A real life Simba

http://www.bornfree.org.uk/campaigns/big-cats/big-cat-rescue/simba/

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Here he is in all his glory and rescued from this:

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Yes, this beautiful creature named Simba was rescued from a cage in France and, as I write, has now been transported back to the land of his ancestors: Africa. All this done by the charity Born Free. You can read the full story by following the above link.

My next picture is of the fictional Simba from the Walt Disney story of the Lion King. It is a tapestry and it cost £1.50.

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Not only the Fuchsia…

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but the Begonia, the Lobelia, the Magnolia and the Plumeria (to name but a few) were discovered by the French botanist, Charles Plumier (1646-1704).

Charles Plumier was originally a Franciscan monk, vegetarian and botanist to Louis XIV of France. He travelled far and wide and during his lifetime documented 4,300 plants and 1,200 animals. He discovered the Fuchsia on the Caribbean island then known as Hispaniola between the years 1697-1677. Here is a picture of his original drawing:

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And here is a painting on silk done by Pam Stanley and handmade at the Seion Weaving Centre in Llanberis, Wales. I can’t find any information about Pam or the Weaving Centre. However this does not distract from this beautiful depiction of Fuchsias and it only cost me 99p. I am sure Chas would have approved and given it a home.

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What a difference a frame makes!

I found this next original watercolour looking very sorry for itself. The frame and the way it was carelessly mounted on a piece of paper completely distracted me from the painting itself. It was only when I brought it home that I realised what a very good painting it was. There are no clues as to who the artist is or where it was painted. On the back it says ‘Happy Mothers Day 1962 Mum’ which already makes it over 50 years old (half an antique!). Was it to Mum or from Mum? We shall never know. Here it is:

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I carefully removed the painting and placed it over another with a mount and a good frame. Now, look at it. Wouldn’t it grace any wall? It only cost £1.95 and I am very pleased to have rescued it, I just need to find it a new home….

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Why do dogs and cats fight?

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The internet is full of answers to this question but it is generally thought that they fight because both are predators. Another reason is that dogs are descended from wolves and are therefore pack animals whereas cats are solitary and will immediately take flight. Not sure about that one as I have seen cats stand their ground In front of dogs (see above photo). Whatever the reason it takes me on to my next original art work.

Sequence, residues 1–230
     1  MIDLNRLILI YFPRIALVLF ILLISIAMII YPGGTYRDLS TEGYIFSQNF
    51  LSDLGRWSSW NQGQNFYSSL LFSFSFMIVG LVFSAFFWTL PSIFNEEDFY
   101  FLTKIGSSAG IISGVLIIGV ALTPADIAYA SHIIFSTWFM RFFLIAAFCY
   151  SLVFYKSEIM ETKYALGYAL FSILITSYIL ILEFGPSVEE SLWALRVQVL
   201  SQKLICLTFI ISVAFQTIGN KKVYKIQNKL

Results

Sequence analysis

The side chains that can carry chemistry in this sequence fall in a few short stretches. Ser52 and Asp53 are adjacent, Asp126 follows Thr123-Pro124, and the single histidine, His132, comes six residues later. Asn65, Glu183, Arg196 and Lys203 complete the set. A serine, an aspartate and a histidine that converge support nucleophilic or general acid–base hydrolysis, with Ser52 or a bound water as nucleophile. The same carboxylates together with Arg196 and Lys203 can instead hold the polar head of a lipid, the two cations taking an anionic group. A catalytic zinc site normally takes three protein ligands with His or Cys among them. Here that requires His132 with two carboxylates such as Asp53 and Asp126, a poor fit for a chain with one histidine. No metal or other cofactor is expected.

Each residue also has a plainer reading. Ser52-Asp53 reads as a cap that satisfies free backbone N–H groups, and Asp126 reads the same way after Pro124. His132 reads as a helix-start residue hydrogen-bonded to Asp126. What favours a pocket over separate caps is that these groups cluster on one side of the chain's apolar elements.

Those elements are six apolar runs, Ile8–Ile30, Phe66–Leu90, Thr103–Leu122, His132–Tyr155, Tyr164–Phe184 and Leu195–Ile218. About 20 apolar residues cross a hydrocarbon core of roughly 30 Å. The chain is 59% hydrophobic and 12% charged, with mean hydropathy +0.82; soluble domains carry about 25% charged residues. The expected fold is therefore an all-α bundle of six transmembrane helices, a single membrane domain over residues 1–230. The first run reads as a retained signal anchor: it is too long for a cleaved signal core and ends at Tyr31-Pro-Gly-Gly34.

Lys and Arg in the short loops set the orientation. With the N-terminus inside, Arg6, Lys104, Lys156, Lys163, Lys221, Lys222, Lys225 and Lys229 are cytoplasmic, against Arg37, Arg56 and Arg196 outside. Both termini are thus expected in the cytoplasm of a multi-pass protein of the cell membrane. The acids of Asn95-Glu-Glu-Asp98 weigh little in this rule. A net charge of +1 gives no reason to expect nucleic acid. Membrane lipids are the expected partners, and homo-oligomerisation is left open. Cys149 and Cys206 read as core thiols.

This is a limited edition print numbered 166/500, entitled Maxwell and signed by the artist, R. Samaraweera of Llanfyllin in Wales. It is labelled “A hand painted limited edition wood block print individually engraved and printed by the artist”. It only cost £1 and similar works by this artist go for considerably more on various auction websites. Being a bit of a cat person myself I couldn’t resist re-homing this one.

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What would Toad have thought?

Kenneth Grahame, author of Wind in the Willows, retired to a town by the Thames called Pangbourne in Berkshire. The famous illustrations for that book were done by E H Shepherd said to have been inspired by the River Thames in that spot.

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“…the river still chattered on to him, a babbling procession of the best stories in the world, sent from the heart of the earth to be told at last to the insatiable sea.”
Wind in the Willows

Which brings me neatly on to my next picture. This is a print numbered 721/850 and signed by the artist Valerie Burton. The title is The Thames at Pangbourne. Here it is:

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And here is the actual Thames at Pangbourne:

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I think Toad would have said “it is all rather lovely”!

The Legendary Cangjie

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Not only a man with four eyes and four pupils but the one who created the written language in China about 4000 years ago.
Legend has it that Cangjie worked for the Yellow Emperor who ordered him to find a new way to count his livestock. To cut a long story short Cangjie took his inspiration from different animal footprints, i.e. every animal has a unique one and so symbols were used to represent different things. On the day that Cangjie had his Eureka moment grains of millet rained down from the sky in celebration but ghosts cried during the night believing that it would lead to deceptive and deceitful behaviour.

This next original picture has upon it the symbols that represent Double Happiness. It was created by Shao-Cheen Laine. It only cost £1.95 which isn’t much to pay for double happiness.

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